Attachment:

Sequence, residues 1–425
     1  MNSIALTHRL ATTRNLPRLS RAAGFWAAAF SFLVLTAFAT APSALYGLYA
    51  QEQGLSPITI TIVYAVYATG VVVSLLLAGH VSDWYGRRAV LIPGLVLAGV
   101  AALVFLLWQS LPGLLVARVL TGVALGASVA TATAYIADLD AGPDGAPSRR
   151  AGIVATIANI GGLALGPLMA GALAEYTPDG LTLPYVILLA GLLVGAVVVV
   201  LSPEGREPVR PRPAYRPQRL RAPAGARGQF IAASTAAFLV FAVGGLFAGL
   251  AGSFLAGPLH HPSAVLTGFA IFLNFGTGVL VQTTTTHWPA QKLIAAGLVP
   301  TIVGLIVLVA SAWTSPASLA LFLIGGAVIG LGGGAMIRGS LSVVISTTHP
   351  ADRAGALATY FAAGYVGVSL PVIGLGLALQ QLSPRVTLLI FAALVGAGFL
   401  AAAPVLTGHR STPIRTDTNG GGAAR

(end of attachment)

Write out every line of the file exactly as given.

Sequence, residues 1–425
     1  MNSIALTHRL ATTRNLPRLS RAAGFWAAAF SFLVLTAFAT APSALYGLYA
    51  QEQGLSPITI TIVYAVYATG VVVSLLLAGH VSDWYGRRAV LIPGLVLAGV
   101  AALVFLLWQS LPGLLVARVL TGVALGASVA TATAYIADLD AGPDGAPSRR
   151  AGIVATIANI GGLALGPLMA GALAEYTPDG LTLPYVILLA GLLVGAVVVV
   201  LSPEGREPVR PRPAYRPQRL RAPAGARGQF IAASTAAFLV FAVGGLFAGL
   251  AGSFLAGPLH HPSAVLTGFA IFLNFGTGVL VQTTTTHWPA QKLIAAGLVP
   301  TIVGLIVLVA SAWTSPASLA LFLIGGAVIG LGGGAMIRGS LSVVISTTHP
   351  ADRAGALATY FAAGYVGVSL PVIGLGLALQ QLSPRVTLLI FAALVGAGFL
   401  AAAPVLTGHR STPIRTDTNG GGAAR